Two experts from the Development Bank of Latin America and the Caribbean (CAF) explained that, even though almost all Latin American countries present the same problems and income inequality, and in the Dominican Republic it is very similar to the behavior of the region, this has continued with a downward trend in this country.
Dolores de la Mata, CAF’s chief economist, and Ernesto Schardgrodsky, CAF’s director of socioeconomic research, spoke to Listín Diario at the end of the presentation of the Inherited Inequalities Economy and Development Report (RED), last Friday in Congress National.
The study of inequality presents dynamic analyzes and deeper roots that are reproduced from one generation to another, from parents to children, where well-being is highly conditioned by family origin,
They are channels that make these results perpetuate according to the socioeconomic origin of the family members, explained CAF’s chief economist, Dolores de la Mata, regarding the results of the report. She explained, however, that in addition to the causes of inequalities, the report proposes public policies that will allow solving these obstacles, especially those related to closing gaps in the formation of human capital.
He indicated that the least advantaged families have restrictions to invest in the human capital of their children, including money, finance, and training, among others, in these countries; and educational policies are very different, particularly in secondary and university education and quality issues.
Other gaps that must be closed are with respect to job opportunities, such as the fact that intermediaries are given by recommendations from the families themselves.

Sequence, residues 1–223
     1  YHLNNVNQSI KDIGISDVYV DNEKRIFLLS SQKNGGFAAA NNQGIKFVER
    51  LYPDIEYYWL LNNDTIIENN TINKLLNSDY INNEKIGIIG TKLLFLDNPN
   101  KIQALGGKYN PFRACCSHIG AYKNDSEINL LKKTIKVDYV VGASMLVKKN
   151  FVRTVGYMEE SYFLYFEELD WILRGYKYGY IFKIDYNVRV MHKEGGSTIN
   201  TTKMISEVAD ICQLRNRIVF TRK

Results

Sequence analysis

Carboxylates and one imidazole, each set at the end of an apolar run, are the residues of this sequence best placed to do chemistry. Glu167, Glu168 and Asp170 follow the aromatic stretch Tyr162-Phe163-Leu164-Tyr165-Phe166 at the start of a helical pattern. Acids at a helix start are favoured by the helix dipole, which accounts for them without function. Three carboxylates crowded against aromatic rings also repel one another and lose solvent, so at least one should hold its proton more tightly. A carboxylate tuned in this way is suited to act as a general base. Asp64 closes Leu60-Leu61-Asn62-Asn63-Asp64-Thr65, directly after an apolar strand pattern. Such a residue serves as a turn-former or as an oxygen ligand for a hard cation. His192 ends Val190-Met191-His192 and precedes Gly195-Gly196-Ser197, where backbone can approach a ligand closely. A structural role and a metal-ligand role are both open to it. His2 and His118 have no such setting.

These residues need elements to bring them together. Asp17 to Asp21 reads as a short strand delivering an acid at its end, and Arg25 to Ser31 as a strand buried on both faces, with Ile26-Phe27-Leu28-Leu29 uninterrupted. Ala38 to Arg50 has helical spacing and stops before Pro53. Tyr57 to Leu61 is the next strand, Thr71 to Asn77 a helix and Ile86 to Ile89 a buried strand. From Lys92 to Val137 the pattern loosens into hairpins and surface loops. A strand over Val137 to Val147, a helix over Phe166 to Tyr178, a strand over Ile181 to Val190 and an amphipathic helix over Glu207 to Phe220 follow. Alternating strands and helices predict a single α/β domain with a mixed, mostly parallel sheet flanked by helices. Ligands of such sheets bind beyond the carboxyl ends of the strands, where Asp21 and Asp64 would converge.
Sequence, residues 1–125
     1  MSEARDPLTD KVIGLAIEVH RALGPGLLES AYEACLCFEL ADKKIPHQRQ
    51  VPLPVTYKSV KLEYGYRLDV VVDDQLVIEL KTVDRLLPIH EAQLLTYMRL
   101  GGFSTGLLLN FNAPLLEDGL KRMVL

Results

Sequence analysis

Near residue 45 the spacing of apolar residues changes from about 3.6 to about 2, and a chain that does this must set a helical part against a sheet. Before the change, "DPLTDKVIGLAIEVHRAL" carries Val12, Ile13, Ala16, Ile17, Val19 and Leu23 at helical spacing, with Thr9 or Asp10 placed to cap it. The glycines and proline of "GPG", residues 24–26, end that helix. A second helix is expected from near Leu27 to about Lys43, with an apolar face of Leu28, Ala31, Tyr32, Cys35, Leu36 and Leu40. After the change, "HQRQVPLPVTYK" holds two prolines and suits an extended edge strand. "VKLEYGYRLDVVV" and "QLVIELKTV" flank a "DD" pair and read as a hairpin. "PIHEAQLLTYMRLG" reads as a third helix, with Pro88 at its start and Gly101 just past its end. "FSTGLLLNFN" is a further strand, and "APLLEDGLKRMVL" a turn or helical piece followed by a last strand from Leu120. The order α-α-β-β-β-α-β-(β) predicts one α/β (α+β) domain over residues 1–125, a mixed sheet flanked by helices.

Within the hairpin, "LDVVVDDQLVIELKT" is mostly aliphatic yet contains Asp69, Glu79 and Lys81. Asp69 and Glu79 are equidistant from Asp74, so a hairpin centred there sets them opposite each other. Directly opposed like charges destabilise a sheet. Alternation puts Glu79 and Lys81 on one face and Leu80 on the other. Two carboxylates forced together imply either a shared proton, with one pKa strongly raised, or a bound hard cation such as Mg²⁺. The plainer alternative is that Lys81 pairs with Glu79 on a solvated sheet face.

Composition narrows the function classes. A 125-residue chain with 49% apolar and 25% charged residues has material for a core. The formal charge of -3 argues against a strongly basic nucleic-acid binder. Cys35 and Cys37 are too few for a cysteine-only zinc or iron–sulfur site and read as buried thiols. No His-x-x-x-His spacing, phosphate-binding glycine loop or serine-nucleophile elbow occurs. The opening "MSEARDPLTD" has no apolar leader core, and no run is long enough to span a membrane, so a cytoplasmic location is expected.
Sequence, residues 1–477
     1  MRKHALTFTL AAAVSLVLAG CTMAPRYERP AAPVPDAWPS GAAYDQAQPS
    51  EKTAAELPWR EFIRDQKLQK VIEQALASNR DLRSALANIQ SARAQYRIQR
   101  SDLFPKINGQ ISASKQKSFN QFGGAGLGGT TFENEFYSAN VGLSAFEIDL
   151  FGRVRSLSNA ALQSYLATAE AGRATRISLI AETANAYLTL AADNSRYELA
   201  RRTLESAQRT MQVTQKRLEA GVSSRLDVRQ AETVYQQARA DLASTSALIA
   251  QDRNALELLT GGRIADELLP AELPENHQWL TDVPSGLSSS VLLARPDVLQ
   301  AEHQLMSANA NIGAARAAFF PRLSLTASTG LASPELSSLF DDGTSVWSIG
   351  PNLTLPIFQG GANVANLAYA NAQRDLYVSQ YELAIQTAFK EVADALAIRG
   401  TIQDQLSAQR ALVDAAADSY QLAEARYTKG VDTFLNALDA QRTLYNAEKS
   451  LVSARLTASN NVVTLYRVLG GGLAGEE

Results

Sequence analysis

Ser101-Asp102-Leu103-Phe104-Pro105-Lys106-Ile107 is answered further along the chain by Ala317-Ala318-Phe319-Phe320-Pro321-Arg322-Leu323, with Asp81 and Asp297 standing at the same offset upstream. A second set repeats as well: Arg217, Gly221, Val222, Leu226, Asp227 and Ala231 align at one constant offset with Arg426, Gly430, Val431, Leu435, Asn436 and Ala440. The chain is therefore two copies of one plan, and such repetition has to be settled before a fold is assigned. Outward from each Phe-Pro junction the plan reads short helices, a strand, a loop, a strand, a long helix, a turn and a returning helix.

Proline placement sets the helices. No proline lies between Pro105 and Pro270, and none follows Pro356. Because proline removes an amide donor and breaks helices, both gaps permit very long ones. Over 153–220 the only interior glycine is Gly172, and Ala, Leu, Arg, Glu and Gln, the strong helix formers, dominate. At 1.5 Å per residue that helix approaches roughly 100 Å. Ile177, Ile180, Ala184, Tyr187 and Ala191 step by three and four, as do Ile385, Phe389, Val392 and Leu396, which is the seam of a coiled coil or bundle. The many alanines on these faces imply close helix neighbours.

In addition, savings policies, which raise taxation, financial inclusion, access to credit and home ownership.
In the Dominican Republic, he said, the issues are very similar to those in the region, with a certain downward trend in terms of inequality and in terms of wealth accumulation, which are also very common.
Ernesto Schardgrodsky, director of socioeconomic research at CAF, said that this report is published every year and that the following reports will refer to climate change, in 2024, and, later, the topic will be about the energy transition, in 2025.
He explained that the report also analyzes the two concepts of absolute mobility and relative mobility, and especially their difference, and how the disadvantaged can overcome themselves thanks to their own efforts.
. The high inequality in the region has very deep roots, which have transformed it into a phenomenon inherited from generation to generation.
. In the Dominican Republic, among those born in 1980, the chances of completing higher education around the age of 24-25 was almost 50% for the children of parents with university degrees; however, only 13% for children of non-university parents”.
. The percentage of people born in the 1980s who managed to surpass the educational level of their parents is only 5 out of 10, placing the Dominican Republic below the average for the region.
. Life opportunities are marked by family socioeconomic origin, and this conditions access to good jobs, education, savings and wealth generation.
. In the Dominican Republic, the chances of having a highly complex occupation, with better wages on average, is three times higher for children of parents who had occupations with these same characteristics. Although these gaps are very wide in the Dominican Republic, they are somewhat lower than in the rest of the region.
The Minister of Finance, Jochi Vicente, also had a speech at the activity where the CAF report was presented.
The Minister of Finance said that two decades ago income inequality in the country was similar to the average for Latin America and the Caribbean, but “since the beginning of the year 2000, the country managed to sustain a reduction in inequality, unlike what happened in the rest of the region”.
According to him, the report reveals multiple factors that cause inequality to be reproduced from generation to generation.
In the LAC region, says the Report on Economy and Development (RED), there is still high inequality and a strong persistence over time in who are the most and least wealthy or advantaged individuals and families
In the report, original evidence is provided that indicates that in the region intergenerational ties could go beyond the two consecutive generations that settle for parents and children and extend to more distant ancestors”.